Beyond I-IV-V (2—4) The I-IV-V chord progression is very common. But many songs use other chords as well. In this class we will learn what those chords are and where they come from. We will also discuss reharmonization and chord substitution in detail.

Advanced Swing Guitar (3) You've taken Intro To Swing and are ready for more. We'll learn how to "voice" chords into one another to produce a smooth, congruent sound. We'll even learn how to walk the bass and play the changes at the same time! Whew!

Faith Petric (San Francisco, CA)


Greg Scott (Seattle, WA)

Songwriting Workshop (1—4) This is a nuts-and-bolts approach to songwriting, with fun daily exercises ("Lift that pencil! One, Two! Higher!") in the steps that turn a rough idea into a finished song. What distinguishes a great song from a good song? The details!

Songs I Wish I'd Written (1—4) We'll listen to a lot of great songs and reverse-engineer them. How do the great writers use lyrics, melody, chord structure, and rhythm to create an effective song? This is a class in listening skills and analysis of music and lyric.

Laura Smith (Bellingham, WA)

Hula (1—4) We'll work on the basic steps and hand motions that make up this beautiful art form. You'll learn why Hula is not only used to entertain but to inspire and educate as well. This is great exercise and open to both men and women. No F chord required!

Campfire Favorites (1—3) Fun and memorable songs that are easy to learn and best when sung and played with others. This is a great class to try out what you've learned in other classes, to practice playing in group situations, or to just relax and have a good time!

Susan Streitwieser (Los Angeles, CA)

Beginning Voice (1—2) Using exercises and songs in a variety of styles we'll go through the nuts and bolts of singing: breathing, posture, resonance, increasing your range and volume, staying in tune, warming up correctly, and coping with nervousness.

Vocal Troubleshooting (2—3) This intermediate voice class will cover range navigation, control, tone development, vocal style, and more. We'll go over exercises that can help specific vocal problems, and we'll find solutions for some typical tough spots in songs.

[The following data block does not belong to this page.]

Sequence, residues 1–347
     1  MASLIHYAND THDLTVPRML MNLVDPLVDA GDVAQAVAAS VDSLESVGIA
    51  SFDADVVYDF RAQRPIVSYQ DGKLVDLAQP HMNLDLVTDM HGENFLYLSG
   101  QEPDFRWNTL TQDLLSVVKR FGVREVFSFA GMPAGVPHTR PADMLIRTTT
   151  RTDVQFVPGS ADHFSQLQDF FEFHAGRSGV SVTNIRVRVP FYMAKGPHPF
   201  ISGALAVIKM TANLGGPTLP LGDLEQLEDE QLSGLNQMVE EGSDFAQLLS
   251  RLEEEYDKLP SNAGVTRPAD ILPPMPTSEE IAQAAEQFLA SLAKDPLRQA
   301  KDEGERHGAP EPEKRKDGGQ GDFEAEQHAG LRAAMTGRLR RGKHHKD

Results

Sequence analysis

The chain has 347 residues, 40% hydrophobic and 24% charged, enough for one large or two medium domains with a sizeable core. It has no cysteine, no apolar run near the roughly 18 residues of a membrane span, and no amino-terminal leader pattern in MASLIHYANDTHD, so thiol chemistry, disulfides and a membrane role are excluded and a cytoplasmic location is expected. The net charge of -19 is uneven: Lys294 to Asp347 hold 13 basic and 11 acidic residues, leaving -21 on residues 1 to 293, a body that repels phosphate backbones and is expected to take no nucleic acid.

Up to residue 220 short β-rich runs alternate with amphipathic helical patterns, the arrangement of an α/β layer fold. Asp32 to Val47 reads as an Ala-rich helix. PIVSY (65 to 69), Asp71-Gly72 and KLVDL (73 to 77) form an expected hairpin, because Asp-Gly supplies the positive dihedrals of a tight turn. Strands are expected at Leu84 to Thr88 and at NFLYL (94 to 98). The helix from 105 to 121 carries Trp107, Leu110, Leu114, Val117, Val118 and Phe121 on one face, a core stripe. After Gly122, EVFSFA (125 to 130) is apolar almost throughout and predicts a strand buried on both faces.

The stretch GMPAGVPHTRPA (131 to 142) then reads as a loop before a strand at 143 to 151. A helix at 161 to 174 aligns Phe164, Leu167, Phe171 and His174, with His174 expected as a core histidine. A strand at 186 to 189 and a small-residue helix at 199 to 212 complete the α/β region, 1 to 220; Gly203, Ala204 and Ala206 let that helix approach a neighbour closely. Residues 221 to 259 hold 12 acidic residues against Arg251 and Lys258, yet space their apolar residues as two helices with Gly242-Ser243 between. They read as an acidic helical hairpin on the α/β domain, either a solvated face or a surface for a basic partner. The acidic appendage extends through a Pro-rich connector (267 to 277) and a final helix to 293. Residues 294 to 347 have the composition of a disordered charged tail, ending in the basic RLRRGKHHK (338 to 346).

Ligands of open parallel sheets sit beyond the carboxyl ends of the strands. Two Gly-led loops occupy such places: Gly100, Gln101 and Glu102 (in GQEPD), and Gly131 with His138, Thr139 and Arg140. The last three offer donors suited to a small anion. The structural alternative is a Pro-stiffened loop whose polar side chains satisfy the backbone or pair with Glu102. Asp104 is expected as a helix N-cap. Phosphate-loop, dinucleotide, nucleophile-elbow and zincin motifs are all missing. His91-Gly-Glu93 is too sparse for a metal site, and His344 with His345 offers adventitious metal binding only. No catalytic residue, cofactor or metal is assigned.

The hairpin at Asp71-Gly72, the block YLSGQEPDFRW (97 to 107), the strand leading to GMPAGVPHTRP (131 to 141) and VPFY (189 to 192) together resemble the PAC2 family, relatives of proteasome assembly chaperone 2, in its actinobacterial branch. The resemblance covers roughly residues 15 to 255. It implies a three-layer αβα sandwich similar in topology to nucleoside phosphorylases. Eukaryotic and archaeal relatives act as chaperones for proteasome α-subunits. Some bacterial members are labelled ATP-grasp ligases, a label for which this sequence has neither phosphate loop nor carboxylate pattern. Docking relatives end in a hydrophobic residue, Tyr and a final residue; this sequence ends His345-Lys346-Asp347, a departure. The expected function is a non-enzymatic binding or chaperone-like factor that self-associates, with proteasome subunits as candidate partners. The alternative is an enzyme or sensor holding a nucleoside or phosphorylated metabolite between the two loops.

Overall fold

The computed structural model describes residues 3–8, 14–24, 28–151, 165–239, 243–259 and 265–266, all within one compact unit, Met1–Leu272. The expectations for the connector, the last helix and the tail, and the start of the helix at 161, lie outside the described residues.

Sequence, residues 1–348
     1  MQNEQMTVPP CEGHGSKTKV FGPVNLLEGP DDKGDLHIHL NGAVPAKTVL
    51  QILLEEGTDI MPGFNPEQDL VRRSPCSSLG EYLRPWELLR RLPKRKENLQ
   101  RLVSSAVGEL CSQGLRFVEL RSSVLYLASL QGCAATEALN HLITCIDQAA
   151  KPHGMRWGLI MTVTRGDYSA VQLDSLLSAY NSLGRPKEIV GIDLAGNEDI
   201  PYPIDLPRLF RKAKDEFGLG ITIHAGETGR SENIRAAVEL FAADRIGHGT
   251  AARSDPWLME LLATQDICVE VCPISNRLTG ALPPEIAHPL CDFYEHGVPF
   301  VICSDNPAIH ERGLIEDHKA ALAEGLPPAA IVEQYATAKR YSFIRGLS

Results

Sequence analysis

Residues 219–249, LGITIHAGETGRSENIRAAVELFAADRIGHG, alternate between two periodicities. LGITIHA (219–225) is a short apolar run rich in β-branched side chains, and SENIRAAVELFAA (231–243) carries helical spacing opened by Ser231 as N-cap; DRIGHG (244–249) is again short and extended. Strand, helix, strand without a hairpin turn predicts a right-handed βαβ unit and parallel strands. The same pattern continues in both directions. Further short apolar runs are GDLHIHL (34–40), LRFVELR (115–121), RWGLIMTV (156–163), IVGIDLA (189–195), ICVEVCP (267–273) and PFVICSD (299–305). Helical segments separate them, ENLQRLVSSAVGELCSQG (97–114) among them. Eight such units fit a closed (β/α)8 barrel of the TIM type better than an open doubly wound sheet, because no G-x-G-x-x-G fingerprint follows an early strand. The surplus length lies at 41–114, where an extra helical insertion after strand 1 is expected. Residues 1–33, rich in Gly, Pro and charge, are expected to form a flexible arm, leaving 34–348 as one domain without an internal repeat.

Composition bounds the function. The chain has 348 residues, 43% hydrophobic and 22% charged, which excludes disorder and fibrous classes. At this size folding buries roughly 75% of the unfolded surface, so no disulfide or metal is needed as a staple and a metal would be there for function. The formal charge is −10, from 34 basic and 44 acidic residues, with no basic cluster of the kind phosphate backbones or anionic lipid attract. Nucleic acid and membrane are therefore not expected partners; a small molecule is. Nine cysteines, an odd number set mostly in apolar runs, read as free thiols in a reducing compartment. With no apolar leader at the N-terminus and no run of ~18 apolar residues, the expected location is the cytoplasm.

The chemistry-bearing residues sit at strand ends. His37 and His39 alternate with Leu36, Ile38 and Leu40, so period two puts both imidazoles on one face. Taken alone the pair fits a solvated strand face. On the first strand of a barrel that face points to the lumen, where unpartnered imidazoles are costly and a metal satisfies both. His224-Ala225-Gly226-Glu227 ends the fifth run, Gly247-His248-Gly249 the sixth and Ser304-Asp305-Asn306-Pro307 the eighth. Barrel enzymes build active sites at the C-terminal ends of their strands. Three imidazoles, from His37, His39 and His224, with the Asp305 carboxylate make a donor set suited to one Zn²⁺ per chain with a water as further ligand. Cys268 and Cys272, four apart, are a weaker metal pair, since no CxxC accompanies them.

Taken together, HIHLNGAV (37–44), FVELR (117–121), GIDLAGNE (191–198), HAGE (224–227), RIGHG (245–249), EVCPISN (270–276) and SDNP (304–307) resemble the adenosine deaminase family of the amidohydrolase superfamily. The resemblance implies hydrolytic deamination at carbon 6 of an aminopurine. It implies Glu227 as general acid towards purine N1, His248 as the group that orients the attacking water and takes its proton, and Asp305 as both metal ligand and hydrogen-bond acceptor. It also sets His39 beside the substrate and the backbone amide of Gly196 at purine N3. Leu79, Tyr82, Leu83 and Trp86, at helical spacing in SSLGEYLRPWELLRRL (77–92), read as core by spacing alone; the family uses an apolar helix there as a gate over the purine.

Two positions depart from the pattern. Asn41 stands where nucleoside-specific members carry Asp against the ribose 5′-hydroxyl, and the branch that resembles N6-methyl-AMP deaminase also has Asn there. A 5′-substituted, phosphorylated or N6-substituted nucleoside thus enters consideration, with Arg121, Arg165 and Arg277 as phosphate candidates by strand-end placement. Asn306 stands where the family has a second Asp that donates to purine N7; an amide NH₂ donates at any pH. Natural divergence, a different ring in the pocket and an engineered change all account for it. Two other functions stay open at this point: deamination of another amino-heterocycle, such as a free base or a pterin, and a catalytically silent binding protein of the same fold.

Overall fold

Alice Stuart (Seattle, WA)

Blues Guitar (2—3) Don't think you can sing and play at the same time? Where do you start? How do you integrate voice and guitar? We'll practice doing just that. And we'll do some simple fingerpicking and some flatpick work. We WILL have fun.

Blues Guitar (3—4) This fingerpicking class will be country blues, my way. We'll use open G tunings and Drop D tunings. And yes, I will have class materials to hand out and a CD with examples. We'll do Furry Lewis, Fred McDowell, and Skip James songs.

Linda Waterfall(Seattle, WA)

Songwriting and Music Theory(2—4) We'll explore various aspects of theory, then choose a music theory concept that might be new to you as a "springboard" into the creative process, and develop a guitar part into a song through the exploration of new ideas.

Creating a Vocal Arrangement (2—4) This class will examine a few different techniques often used in vocal arranging, and use these to create a vocal arrangement for an original song or a song you like that you've always wanted to arrange.

Sean Williams(Olympia, WA)

Indonesian Gamelan (1—3) This class is for people who can sit cross-legged, count to four, eat ginger candy, and laugh at their own mistakes. It takes a relaxed approach to the ensemble; players generally focus on the overall group sound rather than on the soloist.

Indonesian Gamelan (2—4) We'll be taking a more accelerated approach in this class: same instruments, more challenging tunes. This class would be ideal for people who have heard or played gamelan before and already know about ginger candy.

Rene Worst(Vancouver, BC)

Intro to String Bass (1—2) This class will start at zero (care and feeding, holding, tuning, and basic cartage!) and cover simple root-fifth parts for your favorite tunes, and maybe even a little walking bass. Midweek, if our hands hurt, we'll do bass appreciation.

Bass (2—4) This class is for folks who want to go beyond root-fifth bass lines. We will look at walking lines that connect the chords, secret tricks that help your groove on Latin and swing tunes, moving up the neck and into thumb position, and soloing.

Note: Numbers in parentheses after class title are levels; e.g. (1—2) = easy, (3—4) = harder.